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Wine Review: Napa Valley winery stresses popular flavors

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There are almost 5,000 wineries in California, and it would take about that many years to sample even a few of the wines each offer. It’s a worthy quest but quite impossible.

Today, modern science almost universally assures there will be a sound wine inside the bottle we bring home, while in the past, wines were more of a hit and miss situation. Way back when, caveat emptor, or “let the buyer beware,” was in full force.

The punt at the bottom of a bottle is still traditionally used, though it was put there to collect particles that were not removed prior to bottling. Wines could continue to ferment after bottling, clouding the wine. The color could change and the wine might even turn to vinegar. Truthfully, you never really knew what was in the bottle of wine you bought. Today, modern filtration and a better understanding of the science of winemaking have eliminated those once-prevalent problems.

Girard Winery is among the host of wineries that recently has come to my attention. Drawing the fruit for their wines from the prestigious Napa Valley, Girard makes beverages that are not only enjoyable but also stress the popular attributes of the flavors used in production.

Girard 2017 Napa Valley Cabernet Sauvignon ($40)
For years, it has been the cabernet sauvignon that reflect a winery’s reputation. There is no question or doubt that cabernet sauvignon wines are the most popular, talked about, argued over and criticized variety in the entire world of wine. To illustrate that, Inglenook, which held an exalted position among wine enthusiasts, was totally destroyed when they used a screw top on their 1973 Cabernet Sauvignon, a decision from which they never recovered. The Girard 2017 Napa Valley Cabernet Sauvignon started off with a less than average growing season. A wet and cool spring was mitigated by a hot dry summer and the resultant grapes tested the Girard winemakers to their fullest. By carefully handling these conditions and implementing some minor blending, they came up with what can only be described as a winner. The wine showcases blackberries and black currants with the telltale Girard signature flavor and aroma of fresh spice in the background. This wine is different enough from a typical California or Bordeaux cabernet sauvignon to command your attention.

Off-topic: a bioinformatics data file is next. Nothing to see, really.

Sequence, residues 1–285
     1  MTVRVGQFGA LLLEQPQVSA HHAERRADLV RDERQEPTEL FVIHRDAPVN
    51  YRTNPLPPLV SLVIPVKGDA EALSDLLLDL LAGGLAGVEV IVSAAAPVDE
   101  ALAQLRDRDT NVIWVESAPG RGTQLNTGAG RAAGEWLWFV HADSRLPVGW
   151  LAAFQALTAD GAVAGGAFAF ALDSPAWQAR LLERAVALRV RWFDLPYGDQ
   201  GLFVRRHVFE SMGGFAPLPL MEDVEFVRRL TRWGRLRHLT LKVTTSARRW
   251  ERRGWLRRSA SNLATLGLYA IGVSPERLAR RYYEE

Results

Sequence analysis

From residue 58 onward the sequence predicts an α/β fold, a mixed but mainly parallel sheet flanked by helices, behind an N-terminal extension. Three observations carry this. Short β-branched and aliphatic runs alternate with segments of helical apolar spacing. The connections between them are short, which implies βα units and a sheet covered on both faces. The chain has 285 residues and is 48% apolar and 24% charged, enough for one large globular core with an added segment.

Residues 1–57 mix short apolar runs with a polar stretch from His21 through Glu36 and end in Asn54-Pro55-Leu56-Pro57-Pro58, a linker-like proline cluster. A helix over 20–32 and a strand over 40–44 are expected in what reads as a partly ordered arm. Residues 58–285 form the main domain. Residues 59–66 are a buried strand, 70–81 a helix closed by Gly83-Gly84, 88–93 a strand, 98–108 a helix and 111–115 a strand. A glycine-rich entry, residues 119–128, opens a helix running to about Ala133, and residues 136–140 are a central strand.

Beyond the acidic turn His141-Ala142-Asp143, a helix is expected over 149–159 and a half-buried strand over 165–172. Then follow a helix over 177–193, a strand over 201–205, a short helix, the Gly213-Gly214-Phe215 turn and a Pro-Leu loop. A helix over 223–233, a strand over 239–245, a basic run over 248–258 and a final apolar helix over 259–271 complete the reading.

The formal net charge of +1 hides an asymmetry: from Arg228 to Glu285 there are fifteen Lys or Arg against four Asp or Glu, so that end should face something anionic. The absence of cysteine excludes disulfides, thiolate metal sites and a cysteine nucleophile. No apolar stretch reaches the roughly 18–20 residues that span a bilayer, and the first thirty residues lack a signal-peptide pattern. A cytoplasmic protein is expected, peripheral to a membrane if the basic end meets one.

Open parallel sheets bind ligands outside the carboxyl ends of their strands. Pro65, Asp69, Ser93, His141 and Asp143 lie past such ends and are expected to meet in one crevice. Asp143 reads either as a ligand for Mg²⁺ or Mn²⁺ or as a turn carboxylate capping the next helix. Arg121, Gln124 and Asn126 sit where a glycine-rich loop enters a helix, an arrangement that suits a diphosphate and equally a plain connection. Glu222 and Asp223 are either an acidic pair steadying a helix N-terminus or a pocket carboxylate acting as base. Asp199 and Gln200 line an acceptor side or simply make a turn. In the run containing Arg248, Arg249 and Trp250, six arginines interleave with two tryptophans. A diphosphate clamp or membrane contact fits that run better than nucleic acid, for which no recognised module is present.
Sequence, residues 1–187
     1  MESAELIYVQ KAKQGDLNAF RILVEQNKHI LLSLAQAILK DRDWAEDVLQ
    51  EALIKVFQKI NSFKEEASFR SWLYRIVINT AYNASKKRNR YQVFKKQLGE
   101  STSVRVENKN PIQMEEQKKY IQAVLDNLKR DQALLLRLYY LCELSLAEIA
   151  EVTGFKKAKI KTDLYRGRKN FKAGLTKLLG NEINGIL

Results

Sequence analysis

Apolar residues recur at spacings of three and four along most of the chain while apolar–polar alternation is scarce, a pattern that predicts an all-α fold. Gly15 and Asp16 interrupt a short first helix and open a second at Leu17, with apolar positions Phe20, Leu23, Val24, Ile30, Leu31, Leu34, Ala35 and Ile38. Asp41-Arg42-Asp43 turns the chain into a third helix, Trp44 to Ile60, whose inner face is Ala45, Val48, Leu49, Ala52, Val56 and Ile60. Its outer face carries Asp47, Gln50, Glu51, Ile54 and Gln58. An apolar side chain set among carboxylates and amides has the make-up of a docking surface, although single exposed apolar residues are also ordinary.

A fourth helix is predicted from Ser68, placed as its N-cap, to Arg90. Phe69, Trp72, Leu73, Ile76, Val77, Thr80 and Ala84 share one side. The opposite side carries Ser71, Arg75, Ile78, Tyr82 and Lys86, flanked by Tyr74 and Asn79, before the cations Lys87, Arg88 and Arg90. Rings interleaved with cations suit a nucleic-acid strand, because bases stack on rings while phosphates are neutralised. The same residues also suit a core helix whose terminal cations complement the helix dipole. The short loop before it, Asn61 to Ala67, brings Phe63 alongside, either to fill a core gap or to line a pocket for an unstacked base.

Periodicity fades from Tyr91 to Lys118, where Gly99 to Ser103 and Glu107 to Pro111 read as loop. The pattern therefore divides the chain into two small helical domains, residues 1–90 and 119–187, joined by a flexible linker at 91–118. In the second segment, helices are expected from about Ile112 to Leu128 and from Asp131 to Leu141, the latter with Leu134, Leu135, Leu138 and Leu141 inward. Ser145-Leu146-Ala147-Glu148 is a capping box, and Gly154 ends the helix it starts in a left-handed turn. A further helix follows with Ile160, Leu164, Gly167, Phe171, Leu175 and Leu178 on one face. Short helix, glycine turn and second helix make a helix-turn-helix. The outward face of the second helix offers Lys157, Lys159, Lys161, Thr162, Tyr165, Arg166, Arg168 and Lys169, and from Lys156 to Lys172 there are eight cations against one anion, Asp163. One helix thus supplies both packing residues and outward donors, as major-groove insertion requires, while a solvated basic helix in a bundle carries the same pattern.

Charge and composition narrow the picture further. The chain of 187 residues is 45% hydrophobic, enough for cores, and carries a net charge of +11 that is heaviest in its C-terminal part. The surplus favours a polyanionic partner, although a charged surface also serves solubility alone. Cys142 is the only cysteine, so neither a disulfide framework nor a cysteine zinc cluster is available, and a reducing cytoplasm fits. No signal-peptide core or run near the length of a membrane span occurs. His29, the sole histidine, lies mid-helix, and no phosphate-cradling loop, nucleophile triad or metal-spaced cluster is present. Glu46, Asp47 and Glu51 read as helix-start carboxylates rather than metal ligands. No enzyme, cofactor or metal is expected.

Girard 2016 Napa Valley Old Vine Zinfandel ($28)
It is a well-known fact that zinfandel grapes from old vines take on a charm and style of their own. But how old do the vines have to be? The grapes for the Girard 2016 Napa Valley Old Vine Zinfandel come from vines that range between 30 and 90 years old, and for grape vines, that’s old. The result is striking. Big, bold aromas of raspberry, strawberry, mint and oak delight the senses. These aromas carry over to the flavor, where they merge with black pepper and exotic spice. The finish, which is exceptionally long, reprises the cherry and berry flavors. If you have never tried an old vine zin, this is your chance.

Girard 2017 Napa Valley Sauvignon Blanc ($18)
This wine is a major sidestep from the traditional style. It is a dry white wine that is so loaded with fruit flavors it seems almost sweet. Gone are the grass, oak and lemon of the traditional sauvignon blanc. Also gone is the austere acid level and the limited food accompaniment requirements. If you are tired of the standard white wine fare, don't wait for this wine to disappear from dealers’ shelves.

Wine columnist Bennet Bodenstein can be reached at


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